God is a God of light; He speaks openly, and not in secret when addressing His beloved. Those who follow Him reflect His glory when they speak openly and with boldness. Again, God speaks truthfully; it is the devil who is a liar and those who follow the devil speak his language. Neither does God change His speech to suit the situation or allow Himself to worry about the feelings of those whom He addresses. Christians, who are redeemed, speak truthfully, as does their Heavenly Father. Likewise, the child of God does not change what must be said merely to avoid hurting the feelings of those addressed. To be certain, the speech of a Christian is to be tempered with love; but it must be truthful and unchanging. Though we each acknowledge the veracity of such statements, we know in our hearts that our speech lacks consistency.
Christians must not be like the world. Whereas those in the world may be able to justify lying, or as is frequently heard, “stretching the truth,” Christians are commanded to eschew lying. Writing the Colossians, Paul commanded all who are believers, “Do not lie to one another, seeing that you have put off the old self with its practises and have put on the new self, which is being renewed in knowledge after the image of its Creator” [Colossians 3:9, 10]. Undoubtedly, you recall that these words are echoed in the Ephesian encyclical when the Apostle writes, “Having put away falsehood, let each one of you speak the truth with his neighbour, for we are members one of another” [Ephesians 4:25]. So Christians must be truthful, not conniving, but open and honest. Christians must not form cabals, but they must speak truthfully and openly.
Preparing the message, I pondered the Love Chapter. Though actions are certainly in view, the potential for good or evil is intimately bound up with the language of the child of God. Pay especial attention to the spectrum of love outlined in verses 4 through 7. Paul writes, “If I speak in the tongues of men and of angels, but have not love, I am a noisy gong or a clanging cymbal. And if I have prophetic powers, and understand all mysteries and all knowledge, and if I have all faith, so as to remove mountains, but have not love, I am nothing. If I give away all I have, and if I deliver up my body to be burned, but have not love, I gain nothing.
“Love is patient and kind; love does not envy or boast; it is not arrogant or rude. It does not insist on its own way; it is not irritable or resentful; it does not rejoice at wrongdoing, but rejoices with the truth. Love bears all things, believes all things, hopes all things, endures all things” [1 Corinthians 13:1-7]. So Christian speech reveals love; it seeks the best for others.
Consistency is also a mark of godly speech. Of God, James has previously stated that “there is no variation or shadow due to change” [James 1:17]. Because of the character of our Heavenly Father, James will insist that Christians must also be steady, especially in our speech. As he draws this missive to a conclusion, he will insist that each one who is a Christian must take care to, “Let your ‘yes’ be yes and your ‘no’ be no, so that you may not fall under condemnation [James 5:12].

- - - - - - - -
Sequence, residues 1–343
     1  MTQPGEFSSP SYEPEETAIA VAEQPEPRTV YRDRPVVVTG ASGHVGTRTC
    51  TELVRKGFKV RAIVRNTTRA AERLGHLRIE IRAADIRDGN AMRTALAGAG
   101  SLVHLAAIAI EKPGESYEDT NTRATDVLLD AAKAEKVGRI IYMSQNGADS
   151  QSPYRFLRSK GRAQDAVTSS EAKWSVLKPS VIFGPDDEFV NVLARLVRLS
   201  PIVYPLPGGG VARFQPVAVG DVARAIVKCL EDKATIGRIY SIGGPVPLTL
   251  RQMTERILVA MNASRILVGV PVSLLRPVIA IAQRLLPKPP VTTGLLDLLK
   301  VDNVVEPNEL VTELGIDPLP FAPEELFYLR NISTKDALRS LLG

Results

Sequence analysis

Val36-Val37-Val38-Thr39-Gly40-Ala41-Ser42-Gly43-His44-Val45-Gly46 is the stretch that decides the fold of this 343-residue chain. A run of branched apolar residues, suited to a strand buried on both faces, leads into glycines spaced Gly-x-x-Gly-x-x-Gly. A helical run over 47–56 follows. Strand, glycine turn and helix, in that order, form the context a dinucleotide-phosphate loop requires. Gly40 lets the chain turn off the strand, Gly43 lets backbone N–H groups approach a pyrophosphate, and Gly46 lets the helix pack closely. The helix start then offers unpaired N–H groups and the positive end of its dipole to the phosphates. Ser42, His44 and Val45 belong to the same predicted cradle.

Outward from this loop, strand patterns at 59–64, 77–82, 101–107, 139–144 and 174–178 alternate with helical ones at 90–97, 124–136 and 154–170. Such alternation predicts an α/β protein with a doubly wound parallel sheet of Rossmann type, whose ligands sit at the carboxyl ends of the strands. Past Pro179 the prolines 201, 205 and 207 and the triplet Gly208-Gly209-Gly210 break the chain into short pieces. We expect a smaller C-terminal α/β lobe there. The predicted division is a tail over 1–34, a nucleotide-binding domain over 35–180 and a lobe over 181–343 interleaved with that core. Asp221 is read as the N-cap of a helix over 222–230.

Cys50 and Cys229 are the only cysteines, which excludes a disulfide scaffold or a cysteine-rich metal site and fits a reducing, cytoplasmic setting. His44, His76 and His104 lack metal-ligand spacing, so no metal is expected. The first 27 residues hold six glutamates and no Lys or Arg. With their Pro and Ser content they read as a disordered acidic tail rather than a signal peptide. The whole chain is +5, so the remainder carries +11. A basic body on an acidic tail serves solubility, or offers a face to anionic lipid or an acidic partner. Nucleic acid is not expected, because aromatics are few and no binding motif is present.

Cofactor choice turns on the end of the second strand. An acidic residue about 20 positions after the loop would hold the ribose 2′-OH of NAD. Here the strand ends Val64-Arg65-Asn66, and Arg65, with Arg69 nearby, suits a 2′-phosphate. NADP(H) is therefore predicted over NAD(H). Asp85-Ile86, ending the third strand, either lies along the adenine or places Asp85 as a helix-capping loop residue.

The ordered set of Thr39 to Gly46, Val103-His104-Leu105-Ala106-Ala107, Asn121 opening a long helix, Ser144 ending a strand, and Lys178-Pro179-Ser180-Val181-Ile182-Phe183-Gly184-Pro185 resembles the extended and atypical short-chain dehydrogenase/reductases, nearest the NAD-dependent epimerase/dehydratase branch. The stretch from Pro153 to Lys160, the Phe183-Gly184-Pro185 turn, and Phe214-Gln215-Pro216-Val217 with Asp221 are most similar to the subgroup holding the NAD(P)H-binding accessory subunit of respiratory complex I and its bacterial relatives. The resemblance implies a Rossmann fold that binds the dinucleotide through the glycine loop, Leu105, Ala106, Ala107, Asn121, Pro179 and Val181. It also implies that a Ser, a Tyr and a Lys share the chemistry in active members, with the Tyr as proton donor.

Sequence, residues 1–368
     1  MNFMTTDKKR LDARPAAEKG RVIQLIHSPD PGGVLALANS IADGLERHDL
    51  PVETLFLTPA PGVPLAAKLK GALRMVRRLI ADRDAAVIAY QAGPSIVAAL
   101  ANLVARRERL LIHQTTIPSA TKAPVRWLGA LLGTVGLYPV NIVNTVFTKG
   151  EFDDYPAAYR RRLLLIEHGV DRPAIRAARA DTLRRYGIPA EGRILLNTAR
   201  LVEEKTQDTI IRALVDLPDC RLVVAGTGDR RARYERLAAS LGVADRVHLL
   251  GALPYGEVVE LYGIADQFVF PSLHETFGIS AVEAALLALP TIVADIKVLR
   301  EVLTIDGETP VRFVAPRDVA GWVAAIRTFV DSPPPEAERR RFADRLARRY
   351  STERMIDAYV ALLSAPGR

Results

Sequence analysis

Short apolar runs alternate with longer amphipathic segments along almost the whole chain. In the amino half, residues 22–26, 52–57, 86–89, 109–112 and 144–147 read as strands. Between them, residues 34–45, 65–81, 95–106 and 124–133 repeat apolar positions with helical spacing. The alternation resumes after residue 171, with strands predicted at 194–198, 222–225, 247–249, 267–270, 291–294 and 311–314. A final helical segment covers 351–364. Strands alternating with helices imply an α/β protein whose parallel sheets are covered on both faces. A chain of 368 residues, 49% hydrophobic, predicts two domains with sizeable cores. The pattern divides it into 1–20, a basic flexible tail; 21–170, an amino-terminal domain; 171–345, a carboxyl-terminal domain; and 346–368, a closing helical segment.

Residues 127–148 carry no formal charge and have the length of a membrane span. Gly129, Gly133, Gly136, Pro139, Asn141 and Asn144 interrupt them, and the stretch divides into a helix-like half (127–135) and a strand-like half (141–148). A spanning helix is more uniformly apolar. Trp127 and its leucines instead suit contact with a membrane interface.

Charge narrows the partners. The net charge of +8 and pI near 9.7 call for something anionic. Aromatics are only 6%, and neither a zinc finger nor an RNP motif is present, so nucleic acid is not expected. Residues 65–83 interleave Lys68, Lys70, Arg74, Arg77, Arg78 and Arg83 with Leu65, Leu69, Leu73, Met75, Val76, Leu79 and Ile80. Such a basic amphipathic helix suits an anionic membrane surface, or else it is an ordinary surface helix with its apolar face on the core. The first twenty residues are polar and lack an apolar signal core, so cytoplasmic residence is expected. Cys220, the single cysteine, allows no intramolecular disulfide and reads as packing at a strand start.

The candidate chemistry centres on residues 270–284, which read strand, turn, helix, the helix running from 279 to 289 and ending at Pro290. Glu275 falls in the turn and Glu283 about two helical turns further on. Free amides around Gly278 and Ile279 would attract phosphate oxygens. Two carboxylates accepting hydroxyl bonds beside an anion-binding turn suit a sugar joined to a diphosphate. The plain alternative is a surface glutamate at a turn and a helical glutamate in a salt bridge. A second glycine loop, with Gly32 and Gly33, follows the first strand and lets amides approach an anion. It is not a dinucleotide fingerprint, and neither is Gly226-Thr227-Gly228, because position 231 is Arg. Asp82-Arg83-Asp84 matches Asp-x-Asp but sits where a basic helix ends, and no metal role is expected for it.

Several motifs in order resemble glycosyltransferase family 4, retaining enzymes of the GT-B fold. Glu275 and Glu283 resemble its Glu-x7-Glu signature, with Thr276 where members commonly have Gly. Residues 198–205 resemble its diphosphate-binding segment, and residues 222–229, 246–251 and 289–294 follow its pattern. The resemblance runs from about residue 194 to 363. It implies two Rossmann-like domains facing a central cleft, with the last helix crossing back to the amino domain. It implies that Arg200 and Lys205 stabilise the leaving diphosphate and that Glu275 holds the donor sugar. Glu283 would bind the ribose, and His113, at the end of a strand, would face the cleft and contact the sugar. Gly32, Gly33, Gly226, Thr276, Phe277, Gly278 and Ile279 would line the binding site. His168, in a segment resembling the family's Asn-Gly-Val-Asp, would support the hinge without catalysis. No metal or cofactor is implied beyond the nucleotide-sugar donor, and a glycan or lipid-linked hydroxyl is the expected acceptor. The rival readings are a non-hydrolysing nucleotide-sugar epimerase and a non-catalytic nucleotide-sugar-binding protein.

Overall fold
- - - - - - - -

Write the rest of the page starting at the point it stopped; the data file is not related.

The peril of the tongue is that at any given moment it is capable of betraying us, embarrassing us as children of the King. The poisonous tongue surprises us by exposing our old nature at unexpected times, and we are caught unawares both by its pernicious nature and the suddenness with which it strikes. We are not surprised when earth dwellers use their tongue as a weapon; but we are shocked whenever those whom we imagined to be fellow believers demonstrate the brutal character of the tongue. When our sinful nature has been exposed through our speech, we discover an unwelcome kinship with Cain, who with feigned words lured his brother into the field where he slew him. Figuratively, we destroy our brothers and sisters, those who we love most, because we are every bit as capable of evil as was Cain.
The Pathology of the Tongue — “With [the tongue] we bless our Lord and Father, and with it we curse people who are made in the likeness of God. From the same mouth come blessing and cursing. My brothers, these things ought not to be so. Does a spring pour forth from the same opening both fresh and salt water? Can a fig tree, my brothers, bear olives, or a grapevine produce figs? Neither can a salt pond yield fresh water.”
James is confronting a disturbing aspect of spiritual pathology. How can one who is born from above and into the Family of God continue unchanged in speech? It is impossible to imagine that one who fails to show any evidence of a redeemed tongue knows anything of grace. However, even the godliest Christian will on occasion sin with the tongue. James acknowledges this when he says “we bless” and “we curse.” What shall we say about such failure? Certainly, we dare not excuse our sin; rather we must confront our sin and change our habit.
Before examining this question further, it is necessary to distinguish between the occasion lapse into speech sins and a pattern of using the tongue as a weapon to destroy. The Qoheleth has testified, “There is not a righteous man on earth who does good and never sins” [Ecclesiastes 7:20]. It is the identical testimony Solomon made when dedicating the first Temple [see 1 Kings 8:46]. From the Fall of our first parents onward, the life of mankind is marked by ruin and desolation, and each of us is contaminated by sin. In the Proverbs, Solomon asks,
“Who can say, ‘I have made my heart pure;
I am clean from my sin’?”
Eliphaz, though incorrect in assuming that Job’s trials were the result of secret sin, was nevertheless correct in his assertion concerning man’s sinful condition. He describes man as “one who is abominable and corrupt,” and as one “who drinks injustice like water” [Job 15:16].
The Apostle Paul has written, “All have sinned and fall short of the glory of God” [Romans 3:23]. John testifies, “If we say we have no sin, we deceive ourselves, and the truth is not in us” [1 John 1:8]. He continues by stating, “If we say we have not sinned, we make him a liar, and his word is not in us” [1 John 1:10]. Indeed, the one constant of all human existence is the presence of sin, the wicked heart always influencing the tongue.